DEAR NATALIE: I literally got attacked by family members during a birthday party. No one was wearing masks when I arrived. I had my mask on, and was trying to practice social distancing. My aunt made fun of me for not giving her a hug. My cousin called me a “snowflake” and everyone else was purposefully trying to stand too close to me, cough on me, etc… It was a horrible afternoon. I left about 30 minutes into it. I am so disappointed in how people are responding to coronavirus. I don’t know what I am supposed to do or say when treated with such disrespect. I tried to explain that I wear a mask to protect others and if they wear one too, everyone will be protected. They told me I don’t know anything and that I am a fool for thinking masks will protect you. How do I get through to my family? I’m still really angry and hurt by the whole thing — HURT AND FRUSTRATED
DEAR HURT AND FRUSTRATED: I am so sorry that you experienced such a terrible day with your family. It’s upsetting because you probably missed them and were looking forward to being able to see everyone. To be met with such unnecessary hostility is baffling to me. What are they so afraid of that they had to verbally attack you for wearing a mask? I believe a lot of people are projecting their own fears and anxieties around COVID-19 and the economic impact of it onto others because they are unable to deal with their emotions. In fact, anger is often a mask for grief. We are all grieving what was. I feel sorry for them. They are in a state of denial and because of their fragility, they are lashing out at anything that brings them back to reality. You in a mask was that trigger. You deserve an apology from everyone who treated you with disrespect. You most likely won’t get that, though, so you have to decide how to move forward. Will you go to another family gathering if you are invited? You don’t have to be around people who are treating you this way, regardless if they are your family. If anyone asks, you tell them why. Don’t feel as though you can’t stand up for yourself. You didn’t do anything wrong in this situation. Own your space, own your reasons, own your convictions. People are misdirecting their anger and frustrations instead of looking towards finding solutions through community and self compassion. If only we would recognize our solidarity and that if we stood together, we could really make a change that could impact everyone for the better. The virus is just another way to divide people. Don’t let it steal your sense of peace.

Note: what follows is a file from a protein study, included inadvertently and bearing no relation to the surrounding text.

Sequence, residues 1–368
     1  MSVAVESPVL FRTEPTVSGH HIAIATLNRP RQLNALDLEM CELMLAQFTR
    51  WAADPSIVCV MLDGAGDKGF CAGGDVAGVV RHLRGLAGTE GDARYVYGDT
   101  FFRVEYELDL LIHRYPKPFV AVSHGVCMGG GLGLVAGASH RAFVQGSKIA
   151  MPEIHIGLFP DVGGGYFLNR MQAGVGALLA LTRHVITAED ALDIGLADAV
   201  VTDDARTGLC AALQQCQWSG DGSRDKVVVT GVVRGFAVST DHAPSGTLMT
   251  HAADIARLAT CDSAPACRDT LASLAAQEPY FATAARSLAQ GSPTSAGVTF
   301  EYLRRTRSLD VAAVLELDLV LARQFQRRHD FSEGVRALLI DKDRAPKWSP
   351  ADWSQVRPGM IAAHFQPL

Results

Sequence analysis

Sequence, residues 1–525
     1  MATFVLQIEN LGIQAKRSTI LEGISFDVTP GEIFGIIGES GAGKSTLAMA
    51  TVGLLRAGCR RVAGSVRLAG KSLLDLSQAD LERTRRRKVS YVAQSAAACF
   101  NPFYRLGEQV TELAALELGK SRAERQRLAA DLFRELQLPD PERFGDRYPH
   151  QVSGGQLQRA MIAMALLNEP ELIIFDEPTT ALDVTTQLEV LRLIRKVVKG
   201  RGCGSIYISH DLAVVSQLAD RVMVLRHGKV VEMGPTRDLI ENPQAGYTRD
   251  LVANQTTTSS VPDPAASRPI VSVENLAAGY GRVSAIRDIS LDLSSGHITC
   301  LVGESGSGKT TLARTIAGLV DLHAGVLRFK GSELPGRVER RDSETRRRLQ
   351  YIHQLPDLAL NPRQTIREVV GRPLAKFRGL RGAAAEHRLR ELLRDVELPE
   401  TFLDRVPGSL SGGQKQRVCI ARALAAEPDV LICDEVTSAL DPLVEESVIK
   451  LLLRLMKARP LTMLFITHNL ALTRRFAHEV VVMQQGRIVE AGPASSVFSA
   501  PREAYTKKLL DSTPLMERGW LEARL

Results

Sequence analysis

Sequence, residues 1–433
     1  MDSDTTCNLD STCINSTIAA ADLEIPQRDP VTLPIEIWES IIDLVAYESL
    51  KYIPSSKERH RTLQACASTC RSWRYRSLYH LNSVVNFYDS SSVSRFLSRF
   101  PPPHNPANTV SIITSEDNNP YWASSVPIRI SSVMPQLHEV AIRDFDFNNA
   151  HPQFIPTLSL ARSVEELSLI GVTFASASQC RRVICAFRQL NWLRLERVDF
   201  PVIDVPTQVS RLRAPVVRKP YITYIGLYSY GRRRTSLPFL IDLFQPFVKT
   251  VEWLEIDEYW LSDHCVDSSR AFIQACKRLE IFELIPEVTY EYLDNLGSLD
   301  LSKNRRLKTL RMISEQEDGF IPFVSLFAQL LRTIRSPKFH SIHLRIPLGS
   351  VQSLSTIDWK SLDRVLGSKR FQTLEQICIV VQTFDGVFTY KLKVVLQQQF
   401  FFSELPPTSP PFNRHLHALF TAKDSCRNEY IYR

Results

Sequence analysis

DEAR NATALIE: My boss is eager to get everyone back to work. We are living in a state that has started to reopen, but isn’t all the way there yet. I am very nervous to be back in an office setting. My partner is immunocompromised and I’ve been working from home and self quarantining with them to reduce any chance that they could be exposed to COVID-19. I have emailed them to explain that I would feel more comfortable to continue working from home until we know for sure that the virus is under control, but they brushed it off saying that “everything will be fine.” I have tried to explain that I live with someone who is more susceptible to the virus and that I’ve been able to complete all of my work from home. This seems to not matter. I don’t know what to do. I need a job. I can’t just quit. Any suggestions? — SHOW SOME COMPASSION
DEAR SHOW SOME COMPASSION: Perhaps it would be helpful if your partner shared with your boss their story and how working from home potentially saves their life. Having to prove humanity and worthiness to someone is a terrible place to be, but in these moments, where some people have lost their sense of empathy, they may need a reminder. Your partner is not a statistic. They are a person. Show your boss how they could be a champion for your partner’s health. This could flip the script and change their perspective. In the meantime, start looking for another job. If you do have to go back to work, talk to your colleagues ahead of time and let them know your situation. Perhaps you can isolate yourself at the office while you work. It really boils down to an issue of your boss feeling out of control and therefore wanting to exert control in order to regain a sense of power. It is a shame that their unchecked emotions could cause real harm.
Natalie's Networking Tip of the Week: Are people going to want to give out business cards, anymore? This may be a time to reinvent how you share information with potential employers or colleagues. Who knows? Maybe you print your contact info on individual packs of hand sanitizer or hand wipes? Get creative, make an impression and maybe share a laugh in the process.
Please send your questions to Natalie Bencivenga to firstname.lastname@example.org. Follow her on Twitter @NatalieBenci and on Instagram @NatalieBenci